• A display of inner power might instead be gauged through a tea ceremony, creating origami, or through creating a painting. Any ceremony or art that requires precision and skill could become a challenge for a monk. Perhaps they want to impress a king or that pesky rival wants to prove who is truly the greatest warrior once and for all.
  • If you and your DM agree a more serious test might be the destruction of the monk’s monastery and the injury or death of most of his fellow warriors while he is away. How does the monk respond? Does he seek revenge? Does he try to establish peace? Does he have what it takes to forge a new tradition from the ashes of the old?
Thinking through the code that defines and drives your monk can heighten your roleplaying and provide your DM with encounter and adventure ideas. No monk is all fists all the time. Taking the time to explore a tenet or two from a martial code may help improve your monk and reveal a bit of the training and discipline that drives her to strive for perfection.
 
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Charles Dunwoody

Charles Dunwoody

Eltab

Hero
That is a great origin. Applying the idea of a code to this type of monk, what might their street code be? I think that would be an interesting reflection of the more traditional honor codes.
Some 3e book - maybe DMG 2, but I only have copied pages with no title - has a half-dozen "Alternative Paladin Oaths". One was inspired by Barbarians; one was inspired by Organized Crime. Any of them could be modified for a Monk's code.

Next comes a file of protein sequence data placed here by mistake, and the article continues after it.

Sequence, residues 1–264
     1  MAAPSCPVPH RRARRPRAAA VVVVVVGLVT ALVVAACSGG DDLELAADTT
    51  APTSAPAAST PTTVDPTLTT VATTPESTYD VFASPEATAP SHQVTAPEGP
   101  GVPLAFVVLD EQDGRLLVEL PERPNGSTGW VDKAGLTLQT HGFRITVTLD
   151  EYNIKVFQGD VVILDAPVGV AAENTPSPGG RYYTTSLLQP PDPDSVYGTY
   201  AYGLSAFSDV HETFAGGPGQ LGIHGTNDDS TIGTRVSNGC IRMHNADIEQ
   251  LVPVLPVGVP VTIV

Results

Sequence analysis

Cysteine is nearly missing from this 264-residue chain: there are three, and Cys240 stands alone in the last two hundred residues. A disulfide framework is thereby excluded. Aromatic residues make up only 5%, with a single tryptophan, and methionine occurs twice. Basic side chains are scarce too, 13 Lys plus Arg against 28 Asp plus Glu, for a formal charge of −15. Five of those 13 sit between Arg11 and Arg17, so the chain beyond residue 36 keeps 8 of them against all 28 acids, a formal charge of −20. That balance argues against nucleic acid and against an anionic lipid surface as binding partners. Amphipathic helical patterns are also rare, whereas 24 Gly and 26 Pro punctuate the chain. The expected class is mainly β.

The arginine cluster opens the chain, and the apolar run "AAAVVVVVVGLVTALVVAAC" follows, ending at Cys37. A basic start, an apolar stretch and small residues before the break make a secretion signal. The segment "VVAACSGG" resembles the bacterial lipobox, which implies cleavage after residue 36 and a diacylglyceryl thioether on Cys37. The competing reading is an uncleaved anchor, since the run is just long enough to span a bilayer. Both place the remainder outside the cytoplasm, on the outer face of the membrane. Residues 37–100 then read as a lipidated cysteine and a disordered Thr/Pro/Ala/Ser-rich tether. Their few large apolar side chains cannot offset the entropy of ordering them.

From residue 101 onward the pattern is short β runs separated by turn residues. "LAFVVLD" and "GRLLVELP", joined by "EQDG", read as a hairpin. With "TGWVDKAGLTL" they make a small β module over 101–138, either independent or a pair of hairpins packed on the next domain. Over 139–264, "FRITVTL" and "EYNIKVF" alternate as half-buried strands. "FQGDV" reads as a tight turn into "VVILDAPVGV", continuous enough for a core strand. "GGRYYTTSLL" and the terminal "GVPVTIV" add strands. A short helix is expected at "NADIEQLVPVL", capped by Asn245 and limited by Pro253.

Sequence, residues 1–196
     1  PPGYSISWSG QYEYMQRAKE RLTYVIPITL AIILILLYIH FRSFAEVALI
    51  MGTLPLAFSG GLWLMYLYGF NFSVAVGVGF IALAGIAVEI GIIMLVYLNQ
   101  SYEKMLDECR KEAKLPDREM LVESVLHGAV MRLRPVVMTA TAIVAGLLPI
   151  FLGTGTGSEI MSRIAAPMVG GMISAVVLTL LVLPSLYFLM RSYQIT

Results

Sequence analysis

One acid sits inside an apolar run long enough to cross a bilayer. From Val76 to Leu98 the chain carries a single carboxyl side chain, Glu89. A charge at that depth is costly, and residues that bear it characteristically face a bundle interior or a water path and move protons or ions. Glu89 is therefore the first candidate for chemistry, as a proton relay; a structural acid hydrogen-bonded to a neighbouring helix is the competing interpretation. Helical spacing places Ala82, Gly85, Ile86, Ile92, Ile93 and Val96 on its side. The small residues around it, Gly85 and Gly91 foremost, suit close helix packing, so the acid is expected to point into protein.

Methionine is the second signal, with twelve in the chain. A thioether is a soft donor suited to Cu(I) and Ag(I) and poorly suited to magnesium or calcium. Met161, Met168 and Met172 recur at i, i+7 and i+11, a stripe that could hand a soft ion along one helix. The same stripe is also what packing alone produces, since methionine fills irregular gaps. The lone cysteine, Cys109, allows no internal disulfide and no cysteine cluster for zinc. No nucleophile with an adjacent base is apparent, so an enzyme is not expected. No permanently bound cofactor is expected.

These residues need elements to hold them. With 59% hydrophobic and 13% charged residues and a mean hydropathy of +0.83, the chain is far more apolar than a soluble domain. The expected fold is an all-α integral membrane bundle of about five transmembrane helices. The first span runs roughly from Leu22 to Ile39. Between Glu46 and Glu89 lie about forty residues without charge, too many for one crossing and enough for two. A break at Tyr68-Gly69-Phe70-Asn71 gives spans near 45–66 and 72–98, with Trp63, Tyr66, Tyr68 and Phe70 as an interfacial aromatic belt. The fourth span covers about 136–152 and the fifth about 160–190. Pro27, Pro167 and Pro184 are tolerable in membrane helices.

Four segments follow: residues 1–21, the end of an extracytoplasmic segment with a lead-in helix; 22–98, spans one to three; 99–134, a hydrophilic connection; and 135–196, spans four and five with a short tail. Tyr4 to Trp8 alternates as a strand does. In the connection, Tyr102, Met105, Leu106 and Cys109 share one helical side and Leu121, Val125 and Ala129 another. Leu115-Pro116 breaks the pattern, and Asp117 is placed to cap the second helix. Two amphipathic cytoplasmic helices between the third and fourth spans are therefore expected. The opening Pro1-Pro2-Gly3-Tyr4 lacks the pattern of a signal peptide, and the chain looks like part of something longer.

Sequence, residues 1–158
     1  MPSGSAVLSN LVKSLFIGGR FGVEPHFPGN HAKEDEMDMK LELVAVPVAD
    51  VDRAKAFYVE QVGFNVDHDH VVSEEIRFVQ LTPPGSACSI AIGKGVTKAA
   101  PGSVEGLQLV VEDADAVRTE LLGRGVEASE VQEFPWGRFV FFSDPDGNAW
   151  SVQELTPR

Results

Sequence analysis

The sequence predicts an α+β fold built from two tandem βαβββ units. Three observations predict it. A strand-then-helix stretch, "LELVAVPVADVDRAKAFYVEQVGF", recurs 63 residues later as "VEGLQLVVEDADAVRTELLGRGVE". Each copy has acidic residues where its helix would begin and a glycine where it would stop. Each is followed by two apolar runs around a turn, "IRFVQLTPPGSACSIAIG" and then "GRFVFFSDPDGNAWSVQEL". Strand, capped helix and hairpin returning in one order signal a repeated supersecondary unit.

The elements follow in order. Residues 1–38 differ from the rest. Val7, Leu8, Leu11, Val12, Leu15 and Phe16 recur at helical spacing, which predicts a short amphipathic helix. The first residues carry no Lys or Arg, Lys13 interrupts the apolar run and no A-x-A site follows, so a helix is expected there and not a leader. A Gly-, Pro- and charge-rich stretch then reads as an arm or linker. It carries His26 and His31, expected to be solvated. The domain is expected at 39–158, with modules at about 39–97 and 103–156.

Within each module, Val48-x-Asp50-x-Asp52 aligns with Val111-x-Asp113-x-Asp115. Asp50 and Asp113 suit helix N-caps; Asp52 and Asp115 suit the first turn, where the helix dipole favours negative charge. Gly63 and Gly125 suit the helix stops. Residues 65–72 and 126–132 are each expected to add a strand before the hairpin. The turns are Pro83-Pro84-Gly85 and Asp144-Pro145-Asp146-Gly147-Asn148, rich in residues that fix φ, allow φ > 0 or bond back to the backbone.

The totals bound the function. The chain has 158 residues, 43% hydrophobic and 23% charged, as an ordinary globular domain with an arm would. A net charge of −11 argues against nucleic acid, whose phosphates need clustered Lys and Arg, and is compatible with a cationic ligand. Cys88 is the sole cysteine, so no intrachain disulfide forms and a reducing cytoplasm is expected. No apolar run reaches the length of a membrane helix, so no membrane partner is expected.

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Zaukrie

New Publisher
That is a great origin. Applying the idea of a code to this type of monk, what might their street code be? I think that would be an interesting reflection of the more traditional honor codes.

Hmmmmm....

Freedom - on one should be shackled in what they can do by the rulers
Defend the defenseless - protect those that don't have the means to protect themselves
Hide Your Power - the rulers don't want us to have any power, when we do, don't let them see it
Fight Tyranny - I guess this one goes w/o having to say much, given the above
 

Eltab

Hero
If ever 5e Dark Sun is released, I expect to see a lot of Monks in play. Unlike the typical (Stone and Bone Age) weapons, your hands and feet do not break on an unlucky roll.
 

As with lawful stupid paladins, I am bored with always-lawful-raised-in-a-monastery-code-following monks. 40 years is enough. Even more than the paladin it's a an archetype that was of it's time (the 1970s). It would be more useful to have an article on how to create a monk who isn't Bruce Lee or David Carradine - something more relevant to today's younger players.
 

TGryph

Explorer
I wrote such an article many years ago for dragon Magazine..."Bonds of Brotherhood". It was written for 2nd Edtion, but it still has some relevance I believe. If you can find it, it might give you some ideas to avoid this stereotype.
 

Horwath

Hero
Last monk I played was High Elven monk. In out of the Abbyss

He was a high guard of Evereska.

RPed him as a warrior monk, a zealos fighter for the elven cause.
Sacrificed Con and Wis a little so I could start with 14 Int.
Mostly preached Art of War by Sun Tzu in any conversation involving strategy.

Used longsword as monk weapon.